The cutter Gallatin , based in Charleston, South Carolina, patrolled the coastal waters between Charleston and Savannah, Georgia, conducting security, law enforcement and intelligence-gathering. In October 1812, the Gallatin detained the English vessels Active and Georgiana , both carrying illegal cargoes of British goods. In March 1813, the Gallatin arrived back in Charleston after a patrol and reported the location of Royal Navy warships sailing off Port Royal.

The modern namesake high-endurance cutter Gallatin was commissioned in the late 1960s, and underwent major overhauls in 2009 to extend her operational life. The Gallatin lost more than two years of patrol time as a result, yet immediately proved her worth to U.S. security by extending the rule of law to the sea. In just two patrols, her crew seized more than 11,000 pounds of cocaine and marijuana. The removal of those narcotics—having a street value of more than $100 million—from criminals, ensured they would never make it into the hands of our nation’s youth. Cutters with long sea legs, allowing the interdiction of threats far offshore, are a critical component in a layered security approach.

Meeting New Threats

Today, many of our cutters carry out missions long in tradition despite ever-changing and emerging threats. The first recorded narcotics seizure occurred more than a half- century after the War of 1812, in 1890, when the cutter Wolcott , stationed in the Strait of Juan de Fuca of Washington state, boarded the U.S.-flagged steamer George E. Starr and discovered a quantity of undeclared opium. The cutter crew seized both the vessel and the opium. Interestingly, that first seizure was made not because of anti-narcotics laws, but because the opium was undeclared, in violation of customs laws. Since then, drug laws and smuggling threats have changed drastically, with transnational crime organizations (TCOs) using varying tactics and techniques—including go-fast boats and semisubmersibles— to smuggle drugs into the United States. The Coast Guard’s resolve to thwart those illegal activities has not wavered. Today, the Coast Guard annually stops the flow of more than 47 metric tons of illegal drugs.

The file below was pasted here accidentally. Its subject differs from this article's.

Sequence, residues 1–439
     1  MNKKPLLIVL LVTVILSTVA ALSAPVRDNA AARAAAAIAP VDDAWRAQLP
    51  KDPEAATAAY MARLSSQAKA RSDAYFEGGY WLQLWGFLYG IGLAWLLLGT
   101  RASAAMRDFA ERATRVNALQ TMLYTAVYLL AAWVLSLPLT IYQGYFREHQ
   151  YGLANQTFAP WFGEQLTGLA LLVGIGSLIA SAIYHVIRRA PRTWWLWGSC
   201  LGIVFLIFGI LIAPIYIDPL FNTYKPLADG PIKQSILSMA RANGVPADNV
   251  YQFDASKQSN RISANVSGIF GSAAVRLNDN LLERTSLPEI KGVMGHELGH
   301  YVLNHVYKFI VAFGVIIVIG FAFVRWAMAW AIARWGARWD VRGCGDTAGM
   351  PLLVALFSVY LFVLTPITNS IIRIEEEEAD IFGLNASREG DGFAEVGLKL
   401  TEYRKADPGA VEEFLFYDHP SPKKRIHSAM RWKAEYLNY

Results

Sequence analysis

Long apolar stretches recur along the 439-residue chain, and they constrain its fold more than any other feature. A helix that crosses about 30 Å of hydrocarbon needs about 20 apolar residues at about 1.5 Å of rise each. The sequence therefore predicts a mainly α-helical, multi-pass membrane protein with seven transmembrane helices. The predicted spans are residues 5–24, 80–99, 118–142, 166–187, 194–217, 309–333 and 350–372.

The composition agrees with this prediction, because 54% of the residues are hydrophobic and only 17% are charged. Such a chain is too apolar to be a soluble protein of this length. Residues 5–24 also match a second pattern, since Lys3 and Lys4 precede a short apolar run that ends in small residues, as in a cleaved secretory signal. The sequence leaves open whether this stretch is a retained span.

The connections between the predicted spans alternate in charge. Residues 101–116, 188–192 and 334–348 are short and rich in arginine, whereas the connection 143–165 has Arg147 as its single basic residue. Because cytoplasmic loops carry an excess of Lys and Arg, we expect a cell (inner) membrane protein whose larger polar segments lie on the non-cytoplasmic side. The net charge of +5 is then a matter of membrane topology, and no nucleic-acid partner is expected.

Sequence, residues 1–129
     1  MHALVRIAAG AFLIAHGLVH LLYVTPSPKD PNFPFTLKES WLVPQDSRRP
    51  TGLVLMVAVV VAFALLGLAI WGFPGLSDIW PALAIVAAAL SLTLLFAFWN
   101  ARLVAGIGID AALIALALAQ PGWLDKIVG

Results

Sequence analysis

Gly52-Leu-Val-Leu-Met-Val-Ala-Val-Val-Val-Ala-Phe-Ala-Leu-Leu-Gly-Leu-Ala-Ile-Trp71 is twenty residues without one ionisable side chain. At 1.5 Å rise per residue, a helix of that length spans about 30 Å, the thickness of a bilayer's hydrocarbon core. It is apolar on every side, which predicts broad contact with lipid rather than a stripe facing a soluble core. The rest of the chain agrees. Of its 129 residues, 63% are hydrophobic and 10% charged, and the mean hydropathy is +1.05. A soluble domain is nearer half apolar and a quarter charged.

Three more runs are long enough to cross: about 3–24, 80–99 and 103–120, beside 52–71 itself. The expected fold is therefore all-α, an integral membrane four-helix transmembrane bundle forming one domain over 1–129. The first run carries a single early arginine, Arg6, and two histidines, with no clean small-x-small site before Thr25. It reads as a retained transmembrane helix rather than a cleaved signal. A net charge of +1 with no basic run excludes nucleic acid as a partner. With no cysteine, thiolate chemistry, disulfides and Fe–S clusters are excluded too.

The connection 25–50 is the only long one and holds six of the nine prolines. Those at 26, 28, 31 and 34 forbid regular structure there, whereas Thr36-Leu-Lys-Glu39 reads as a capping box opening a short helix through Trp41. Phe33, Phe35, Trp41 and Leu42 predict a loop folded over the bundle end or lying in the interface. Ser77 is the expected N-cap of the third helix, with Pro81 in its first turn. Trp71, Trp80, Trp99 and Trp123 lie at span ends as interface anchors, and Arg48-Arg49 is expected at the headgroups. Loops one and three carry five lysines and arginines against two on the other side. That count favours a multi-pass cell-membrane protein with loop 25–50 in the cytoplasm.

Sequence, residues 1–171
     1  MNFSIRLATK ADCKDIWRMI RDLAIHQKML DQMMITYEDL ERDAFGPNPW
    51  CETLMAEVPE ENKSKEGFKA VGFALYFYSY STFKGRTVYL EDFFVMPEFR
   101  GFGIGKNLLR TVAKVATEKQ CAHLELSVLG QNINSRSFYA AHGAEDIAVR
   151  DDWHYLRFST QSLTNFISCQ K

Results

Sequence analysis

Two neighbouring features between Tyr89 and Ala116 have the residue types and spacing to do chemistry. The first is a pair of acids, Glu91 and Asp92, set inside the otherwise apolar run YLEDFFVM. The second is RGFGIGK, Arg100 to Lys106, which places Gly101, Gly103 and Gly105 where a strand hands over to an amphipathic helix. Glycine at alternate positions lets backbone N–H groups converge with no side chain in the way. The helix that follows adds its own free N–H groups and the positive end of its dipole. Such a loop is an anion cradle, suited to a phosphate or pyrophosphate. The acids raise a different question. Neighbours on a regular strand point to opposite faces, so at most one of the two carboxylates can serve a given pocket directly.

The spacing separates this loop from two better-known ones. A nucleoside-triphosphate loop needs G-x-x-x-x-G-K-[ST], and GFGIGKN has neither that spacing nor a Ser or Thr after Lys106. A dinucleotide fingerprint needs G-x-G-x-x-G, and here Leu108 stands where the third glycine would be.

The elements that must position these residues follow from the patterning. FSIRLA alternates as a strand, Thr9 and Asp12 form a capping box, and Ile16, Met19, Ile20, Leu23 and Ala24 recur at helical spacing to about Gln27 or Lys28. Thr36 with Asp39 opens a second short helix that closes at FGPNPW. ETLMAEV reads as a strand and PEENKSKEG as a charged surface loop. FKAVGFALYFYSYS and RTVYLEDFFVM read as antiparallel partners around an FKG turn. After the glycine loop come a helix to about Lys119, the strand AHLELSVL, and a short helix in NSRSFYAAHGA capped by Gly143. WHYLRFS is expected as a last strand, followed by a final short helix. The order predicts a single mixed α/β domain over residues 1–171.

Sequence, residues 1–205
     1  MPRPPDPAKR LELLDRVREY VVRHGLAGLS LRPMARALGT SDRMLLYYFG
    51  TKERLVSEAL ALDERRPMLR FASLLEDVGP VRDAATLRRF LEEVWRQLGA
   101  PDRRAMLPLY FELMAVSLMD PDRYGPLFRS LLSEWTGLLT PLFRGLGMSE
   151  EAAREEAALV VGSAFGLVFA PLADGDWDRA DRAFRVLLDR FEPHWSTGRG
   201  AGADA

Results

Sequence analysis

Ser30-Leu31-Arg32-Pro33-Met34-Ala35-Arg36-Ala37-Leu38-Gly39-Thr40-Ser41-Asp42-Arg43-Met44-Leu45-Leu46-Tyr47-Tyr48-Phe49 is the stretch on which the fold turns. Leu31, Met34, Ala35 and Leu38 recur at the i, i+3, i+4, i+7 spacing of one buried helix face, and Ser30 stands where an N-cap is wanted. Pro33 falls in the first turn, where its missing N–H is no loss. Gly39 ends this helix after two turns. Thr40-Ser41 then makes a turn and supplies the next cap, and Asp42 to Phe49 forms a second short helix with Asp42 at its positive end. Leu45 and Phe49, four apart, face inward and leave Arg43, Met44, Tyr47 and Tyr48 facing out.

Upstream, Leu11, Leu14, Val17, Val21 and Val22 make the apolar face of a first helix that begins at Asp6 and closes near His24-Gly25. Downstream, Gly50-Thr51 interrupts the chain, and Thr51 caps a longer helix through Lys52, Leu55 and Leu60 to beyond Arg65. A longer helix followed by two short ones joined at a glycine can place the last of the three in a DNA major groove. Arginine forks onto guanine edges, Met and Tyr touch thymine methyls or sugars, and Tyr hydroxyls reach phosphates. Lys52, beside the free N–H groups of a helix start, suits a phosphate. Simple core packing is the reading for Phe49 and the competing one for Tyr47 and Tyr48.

Combating transnational crime at sea presents unique challenges for the Coast Guard, as TCOs develop new tactics. President Barack Obama noted that, “criminal networks are not only expanding their operations, but they are also diversifying their activities, resulting in a convergence of transnational threats that has evolved to become more complex, volatile, and destabilizing.”

Today, most drugs departing source-countries are shipped by sea—covered by tarps on the decks of small speedboats, hidden belowdecks on fishing vessels, or concealed in secret compartments on board commercial vessels. Beyond those conventional methods, a new threat has emerged, particularly in the Caribbean littorals and the eastern Pacific, whereby TCOs use self-propelled semisubmersible vessels (SPSSs)—or drug subs. Criminals design these drug subs for one purpose only—delivery of multi-ton loads of pure cocaine bound for our shores, streets, and schools.

Authorities have documented drug subs in the eastern Pacific since 2006, but Coast Guard assets working with multiagency partners recently have encountered SPSSs in the western Caribbean, increasing the homeland-security threat and the implications for counterdrug operations. Drug subs are not high-tech, but they are proving effective since they are so difficult to detect. The Coast Guard has had some recent success working with the U.S. Navy and partner agencies to find and interdict these vessels, but a layered security approach is critical in detection and interdiction in the littoral transit zones. The Coast Guard has interdicted 33 SPSSs in both the Pacific Ocean and Caribbean Sea, seizing 200 metric tons of cocaine.